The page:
"Love Wins" & Baskin-Robbins
Love Wins and Baskin-Robbins
Like you, hell is disturbing to me. Like you, i dont want anyone to go there. Like you, i've been blessed by Rob Bell's ministry over the years. Like you, i like Rob Bell. I like the Nooma series. I like his focus on expanding the kingdom of heaven on earth via practical and holistic means. In regards to the book, there's more i like than not. But, i do not like his recent departure from the historic and biblical view of salvation. Contemplative or not, his ambiguity is potentially misleading.
Like Baskin-Robbins, there are a lot of different flavors within Christianity and everyone has a favorite. Personally, I like that there’s such diversity and liberty on the non-essential elements within Christianity. And yet to be labeled “ice cream” there are a few necessary ingredients. Likewise, to label oneself as a follower of Jesus implies a few necessary ingredients one of which is a biblical view on the doctrine of salvation. It was to Nicodmemus, that Jesus, not once, but twice said. “you must be born again” (John 3:3, 7). When the Philippian jailer asked, “what must I do to be born again?” The answer was “Believe in the Lord Jesus, and you will be saved” (Acts 16:31). Jesus and the Apostles were very straightforward with how one is born again. Bell isn’t.
As expected the book lives up to being a quick (198 pgs) but thought-provoking read. You'll find yourself saying, "that's a good point", "That too is a good point". You'll laugh, smirk, and at points you'll probably be convicted; i was. There are both "ouch" and "amen" moments. For the most part i greatly enjoyed it and say Amen to brining heaven to earth. However, I've actually been more perplexed with his interviews than the book itself. "Love Wins", btw, has over 300 questions. Thus we must be careful in distinguishing between the two. I get that he’s being artistic and working his trademark contemplative “Socratic” style, but herein lies the problem with the “we’re all just trying to figure it out together” approach that’s so popular within the emergent church movement. He’s not a kid in youth camp sincerely asking, “What happens to people who don’t accept Jesus as Savior?” Rather he’s a seminary-trained pastor of what’s considered an evangelical mega church. Tens of thousands listen to his podcasts and read his books. Not that we ever stop learning, nor ever fully comprehend all that is God, but shouldn’t a senior pastor have figured out and clearly espouse essential Christian doctrine? Yes, is the correct answer (1 Tim. 3:15).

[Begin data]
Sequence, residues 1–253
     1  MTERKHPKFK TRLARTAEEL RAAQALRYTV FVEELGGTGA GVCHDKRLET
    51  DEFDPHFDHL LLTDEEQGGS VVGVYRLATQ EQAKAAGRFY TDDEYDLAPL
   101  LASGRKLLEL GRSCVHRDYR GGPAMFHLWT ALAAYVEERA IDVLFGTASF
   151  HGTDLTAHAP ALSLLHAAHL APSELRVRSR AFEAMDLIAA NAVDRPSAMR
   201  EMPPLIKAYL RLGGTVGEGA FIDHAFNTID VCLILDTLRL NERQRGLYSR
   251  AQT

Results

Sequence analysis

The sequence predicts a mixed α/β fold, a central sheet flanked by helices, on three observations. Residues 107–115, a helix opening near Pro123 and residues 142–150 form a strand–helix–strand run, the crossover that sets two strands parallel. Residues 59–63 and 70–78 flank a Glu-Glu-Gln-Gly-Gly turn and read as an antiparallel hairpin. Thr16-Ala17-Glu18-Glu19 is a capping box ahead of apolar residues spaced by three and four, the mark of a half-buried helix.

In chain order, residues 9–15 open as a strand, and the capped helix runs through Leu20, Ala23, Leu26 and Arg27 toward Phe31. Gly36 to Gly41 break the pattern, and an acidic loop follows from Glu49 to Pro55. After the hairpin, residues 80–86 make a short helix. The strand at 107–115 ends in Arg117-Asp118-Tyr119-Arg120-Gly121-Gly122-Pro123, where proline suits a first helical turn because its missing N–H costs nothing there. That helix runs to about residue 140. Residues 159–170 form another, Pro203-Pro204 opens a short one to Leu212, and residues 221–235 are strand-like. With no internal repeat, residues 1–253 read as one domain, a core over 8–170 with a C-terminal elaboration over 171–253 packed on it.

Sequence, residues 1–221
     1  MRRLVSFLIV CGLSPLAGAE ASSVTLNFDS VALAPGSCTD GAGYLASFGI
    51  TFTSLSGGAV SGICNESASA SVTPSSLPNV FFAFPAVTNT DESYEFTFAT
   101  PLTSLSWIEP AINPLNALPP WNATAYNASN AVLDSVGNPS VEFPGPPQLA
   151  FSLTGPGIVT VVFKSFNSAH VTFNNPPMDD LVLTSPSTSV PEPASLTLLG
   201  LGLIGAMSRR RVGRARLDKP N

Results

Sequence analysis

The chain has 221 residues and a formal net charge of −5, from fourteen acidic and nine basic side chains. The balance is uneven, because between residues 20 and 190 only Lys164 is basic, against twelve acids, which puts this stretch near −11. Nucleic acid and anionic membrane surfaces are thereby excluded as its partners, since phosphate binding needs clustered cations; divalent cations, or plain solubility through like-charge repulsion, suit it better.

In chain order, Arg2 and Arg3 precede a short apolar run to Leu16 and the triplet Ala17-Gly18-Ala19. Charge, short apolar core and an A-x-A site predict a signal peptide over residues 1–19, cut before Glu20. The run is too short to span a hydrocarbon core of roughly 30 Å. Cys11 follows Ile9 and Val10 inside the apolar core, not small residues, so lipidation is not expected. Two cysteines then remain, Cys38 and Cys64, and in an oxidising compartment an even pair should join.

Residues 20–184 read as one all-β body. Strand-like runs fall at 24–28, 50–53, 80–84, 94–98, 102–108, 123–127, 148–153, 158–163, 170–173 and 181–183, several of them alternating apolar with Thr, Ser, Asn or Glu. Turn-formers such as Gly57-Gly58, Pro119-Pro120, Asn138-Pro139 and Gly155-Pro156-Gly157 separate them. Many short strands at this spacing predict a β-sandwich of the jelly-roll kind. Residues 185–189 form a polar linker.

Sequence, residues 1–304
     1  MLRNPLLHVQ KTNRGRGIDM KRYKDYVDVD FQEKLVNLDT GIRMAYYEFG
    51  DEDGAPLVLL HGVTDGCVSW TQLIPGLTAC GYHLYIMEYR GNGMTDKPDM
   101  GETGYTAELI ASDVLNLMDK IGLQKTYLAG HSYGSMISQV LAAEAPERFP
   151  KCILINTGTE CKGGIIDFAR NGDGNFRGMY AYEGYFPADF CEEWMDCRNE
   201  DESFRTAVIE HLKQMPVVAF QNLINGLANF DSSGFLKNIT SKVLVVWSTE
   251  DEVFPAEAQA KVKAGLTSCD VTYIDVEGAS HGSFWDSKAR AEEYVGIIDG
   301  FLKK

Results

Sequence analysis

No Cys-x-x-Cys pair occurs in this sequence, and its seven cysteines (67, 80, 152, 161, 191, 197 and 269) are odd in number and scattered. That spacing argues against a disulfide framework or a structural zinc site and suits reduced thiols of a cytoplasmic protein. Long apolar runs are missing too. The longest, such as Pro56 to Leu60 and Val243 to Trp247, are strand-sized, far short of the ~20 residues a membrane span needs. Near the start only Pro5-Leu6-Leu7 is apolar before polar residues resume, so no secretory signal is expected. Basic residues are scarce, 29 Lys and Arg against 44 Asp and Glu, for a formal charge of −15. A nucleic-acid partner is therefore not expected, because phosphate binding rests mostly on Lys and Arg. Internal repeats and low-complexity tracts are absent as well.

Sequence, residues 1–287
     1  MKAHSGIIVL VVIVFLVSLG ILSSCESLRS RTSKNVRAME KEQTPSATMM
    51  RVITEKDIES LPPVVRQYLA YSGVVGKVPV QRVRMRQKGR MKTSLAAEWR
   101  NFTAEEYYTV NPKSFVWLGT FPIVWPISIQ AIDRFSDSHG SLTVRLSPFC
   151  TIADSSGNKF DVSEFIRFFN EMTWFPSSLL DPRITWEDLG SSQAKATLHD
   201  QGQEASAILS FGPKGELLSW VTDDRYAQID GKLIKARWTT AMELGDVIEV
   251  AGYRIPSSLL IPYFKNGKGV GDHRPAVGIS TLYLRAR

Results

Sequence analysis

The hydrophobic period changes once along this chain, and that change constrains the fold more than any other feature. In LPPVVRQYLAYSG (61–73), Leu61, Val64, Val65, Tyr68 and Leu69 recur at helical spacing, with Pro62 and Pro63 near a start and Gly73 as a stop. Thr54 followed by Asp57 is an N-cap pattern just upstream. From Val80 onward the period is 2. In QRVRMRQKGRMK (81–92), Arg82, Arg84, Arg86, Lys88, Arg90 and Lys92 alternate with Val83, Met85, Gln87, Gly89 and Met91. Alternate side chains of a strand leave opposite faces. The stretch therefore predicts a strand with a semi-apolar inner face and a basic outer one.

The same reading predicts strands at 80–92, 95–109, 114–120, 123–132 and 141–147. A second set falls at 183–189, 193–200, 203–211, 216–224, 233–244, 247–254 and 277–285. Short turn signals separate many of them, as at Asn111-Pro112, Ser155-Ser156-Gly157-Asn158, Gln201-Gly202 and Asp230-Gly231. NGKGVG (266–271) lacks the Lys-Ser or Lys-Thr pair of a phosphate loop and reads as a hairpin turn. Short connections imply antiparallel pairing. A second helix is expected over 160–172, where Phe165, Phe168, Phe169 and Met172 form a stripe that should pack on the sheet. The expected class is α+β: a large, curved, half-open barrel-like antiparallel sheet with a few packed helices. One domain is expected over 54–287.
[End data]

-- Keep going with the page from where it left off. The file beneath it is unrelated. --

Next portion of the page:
When it comes to the doctrine of salvation, there’s no wiggle room (cf. John 14:6, Rev. 20:15). In my opinion, "Love Wins" mishandles passages like the story of the Rich Man & Lazarus in Luke 16. Likewise, the difficult passages such as Gen. 19, Mt. 25, Gal. 1, and Rev. 20 are not fully exegeted within their context. By contrast, in Matthew 18:9 you can practically hear the urgency in the intonation of Jesus pleading with his listeners to do whatever it takes to avoid hell. Bell doesn’t. In the end, the Gospel story, as it’s been preached for thousands of years, is a love story. Sure, its been mishandled and abused by various methodologies and messengers. Too many know Christianity by what it stands against rather than what its for. This bathwater, no doubt, needs to be changed but not the baby.
BTW, actually i still like Rob Bell; just disagree with how he's handling not "a", but "The" most important issue facing humanity.
Due to his vagueness, I should also add that, for the record, i'm not quite ready to label him a heretic. I am however, greatly concerned with how (thus far) he's handled himself in interviews regarding universalism (salvation applies to all) and the doctrine of salvation which is the Essential Ingredient to following Jesus-salvation.
As the angel said at that first Christmas, “I bring you good news of a great joy which shall be for all people. For unto you is born this day a Savior, who is Christ the Lord” (Luke 2:10-11). And so, may you “contend earnestly for the faith that was once for all delivered to the saints” (Jude 3).